Showing posts with label sponsored posts. Show all posts
Showing posts with label sponsored posts. Show all posts

Clover Mini Weaving Loom Purse Tutorial

Learn how to weave a simple mini purse with the Clover Mini weaving Loom.

Weaving has been on my crafty bucket list for a long time. Every time I go to the yarn store I am tempted by the row of rigid heddle looms, but the price tags and time commitment to learn how to use the contraptions have always made me keep on walking.

So, I was very happy to start my adventures in weaving with a simple project on the Clover Mini Weaving Loom. I decided to make something practical for my first project, a small, phone sized purse.

I felt pretty bold when I searched through my stash yarn for the project. I chose three contrasting colors of a basic, worsted weight acrylic, but you could easily use a different type of fiber and more or less colors.

Many thanks to my friends at Clover USA for providing the tools for this post. They are also sponsoring this month's giveaway so you could win the tools needed to make your own woven purse.



The loom comes with great directions for how to set up the warp and start weaving. Familiarize yourself with the basic weaving instructions.

First, set up the warp on a single loom frame.
Next, you will wind the weft yarn onto the shuttle. The first time I did this I put waaay too much yarn on the shuttle making it very difficult to weave. There's a simple way to get almost exactly the right amount of yarn on the shuttle.
Wrap the yarn around the width of the shuttle and make sure there are no gaps between the strands. Set the shuttle on the loom and count how many times the yarn was wrapped between the two edges of the loom.

I wrapped the yarn 60 times, so the weft yarn will go across the loom about 60 times.
The shuttle is about the same width as the loom, so I need to wrap the weft yarn from one end of the shuttle and back to the other 30 times (that's 60/2).
Make a figure 8 abound one side of the shuttle, then the other, then wrap once around the middle. (That counts as 3 wraps.)

Repeat the process the necessary number of times. I did one extra repeat just to make sure I wouldn't run out of weft yarn.
Let the weaving begin!

Use the shed stick to lift every other strand of warp yarn so the shuttle can pass through.
Use the weaving comb to pull the weft yarns toward you.
Tuck in the tail as directed and keep weaving.

Over, under, over, under, back and forth.

The concept is pretty simple.
One thing that is very important to remember is not to pull the weft yarn, too tightly. This takes some practice.

If you are not paying attention, your weaving can very quickly become too tight and misshapen.
At a certain point, the weaving gets so close to the end of the loom that the shuttle will no longer fit between the warp strands.
Simply remove the weft yarn from the shuttle and use the needle to weave the rest of the piece.
For the record, my weft yarn passed across the piece 58 times in the first section, which was awfully close to my prediction of 60.
Pull off a spacing bar and carefully lift the first motif off the loom.
Before attaching the first motif to the second you need to cut a piece of yarn to set up the next warp.

Since there are 27 teeth on the spacer bars, wrap the yarn 27 times around the shuttle, then 3-4  more times just to make sure you have enough. No need for the fancy figure eights here because you are just using the shuttle to help you measure the yarn.
Cut the yarn, remove the yarn from the shuttle and use the needle to join the first motif and wind the warp yarn as directed.
Once the warp yarn is on the loom, wind the weft yarn onto the shuttle.

If you are using the same type of weft yarn as for the first motif, you can use the same approximations you did when wrapping the first shuttle full of weft yarn.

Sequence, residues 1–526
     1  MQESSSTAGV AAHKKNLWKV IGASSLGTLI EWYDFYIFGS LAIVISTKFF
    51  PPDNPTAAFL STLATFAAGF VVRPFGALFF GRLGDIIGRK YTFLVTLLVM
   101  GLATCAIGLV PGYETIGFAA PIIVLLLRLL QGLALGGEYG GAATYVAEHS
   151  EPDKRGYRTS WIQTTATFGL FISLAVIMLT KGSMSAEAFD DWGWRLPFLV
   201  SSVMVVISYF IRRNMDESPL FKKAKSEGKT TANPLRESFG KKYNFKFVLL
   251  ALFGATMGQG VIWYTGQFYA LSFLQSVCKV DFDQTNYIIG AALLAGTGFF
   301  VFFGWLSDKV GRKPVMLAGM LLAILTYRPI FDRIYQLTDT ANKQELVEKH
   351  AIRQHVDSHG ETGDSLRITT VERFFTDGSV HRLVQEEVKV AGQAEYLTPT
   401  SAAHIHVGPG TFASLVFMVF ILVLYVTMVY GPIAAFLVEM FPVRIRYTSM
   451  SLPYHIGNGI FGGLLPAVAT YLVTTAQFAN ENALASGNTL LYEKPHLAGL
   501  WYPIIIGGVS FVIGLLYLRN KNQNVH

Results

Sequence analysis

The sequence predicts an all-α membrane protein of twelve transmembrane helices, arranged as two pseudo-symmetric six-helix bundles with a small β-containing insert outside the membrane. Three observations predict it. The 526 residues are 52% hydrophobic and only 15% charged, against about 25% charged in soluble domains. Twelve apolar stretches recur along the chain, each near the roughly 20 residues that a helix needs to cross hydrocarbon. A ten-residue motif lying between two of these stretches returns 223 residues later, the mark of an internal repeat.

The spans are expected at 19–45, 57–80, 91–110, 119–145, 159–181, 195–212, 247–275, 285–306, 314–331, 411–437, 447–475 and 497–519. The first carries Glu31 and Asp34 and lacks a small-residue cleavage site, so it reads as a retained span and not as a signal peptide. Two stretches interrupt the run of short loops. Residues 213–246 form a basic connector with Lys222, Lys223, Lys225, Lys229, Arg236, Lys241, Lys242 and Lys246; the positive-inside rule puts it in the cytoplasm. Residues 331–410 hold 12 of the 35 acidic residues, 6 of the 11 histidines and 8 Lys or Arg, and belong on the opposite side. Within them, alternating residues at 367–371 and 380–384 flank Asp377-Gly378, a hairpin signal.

Weave the second motif.
Remove the second motif from the loom.
Measure out the warp yarn for the third motif.
Attach the second motif as directed and wrap the warp yarn.
Wrap the weft yarn onto the shuttle and finish the third motif.
Take the entire piece off the loom.

At this point, things may not look great.
Use the comb to even out the weft yarns.
Before evening things out, it looks like there are big spaces between the motifs.
Gently combing the weft yarns makes those gaps virtually disappear, but there are still a lot of loose ends.
Use a yarn needle to weave in and conceal all of the warp and weft tails as directed.
Things should be looking much better now.
Now it's time to make the strap. Figure out how long you would like your strap. Cut nine strands of yarn (three of each color) 1 1/2 times longer than the desired strap length. Braid the strands together and knot each end.

It's better to make your strap too long than too short. You can always trim it down later if you need to.
Decide which end of the weaving will be the flap of the bag. If one end is a little wider than the other, that's the end that should be the flap.

For me, the blue end was slightly wider than the white.
Fold the flap in half and place a locking stitch marker around the side warp yarn, between to wefts, at the fold.
Follow the weft yarn across and place a stitch marker on the opposite side of the flap.

It is very important that there are the same number of weft strands between the stitch marker and flap edge on both sides of the bag.
Cut a piece of yarn about 4-6 feet long. With a yarn needle, you will use this yarn to finish the side of the bag and attach the strap.

Fold your weaving, wrong sides together, so the end of the weaving is even with one of the stitch markers. Pull the yarn around the warp yarns along the side of the bag.

Pull the yarn through the same spot a second time to secure the end.
Slide the needle around the warp yarns under the next weft strands.
Position one side of the strap so the knot is at the bottom of the bag.

As you pull the needle through, make sure the yarn wraps around the strap to hold it in place.
Continue whip stitching down the side of the bag.
When you get to the end, pull the yarn tail up through a few of the whip stitches to conceal it and trim the end.
Now that one end of the strap is attached, double check the length and adjust it if necessary.
Attach the second strap and join the sides of the bag as before.
Turn the bag right side out.
Cut three strands of yarn 9 inches long and weave them together.

Use a yarn needle to pull each side of the braid under three weft yarns on the wrong side of the flap near the center.
Knot the braid ends and trim.

Use a needle and thread to sew a button onto the front of the bag.
Your mini weaving loom, mini purse is ready to go.This purse is a nice compact size for those times you just want to carry the necessities.

Learn how to weave a simple mini purse with the Clover Mini weaving Loom.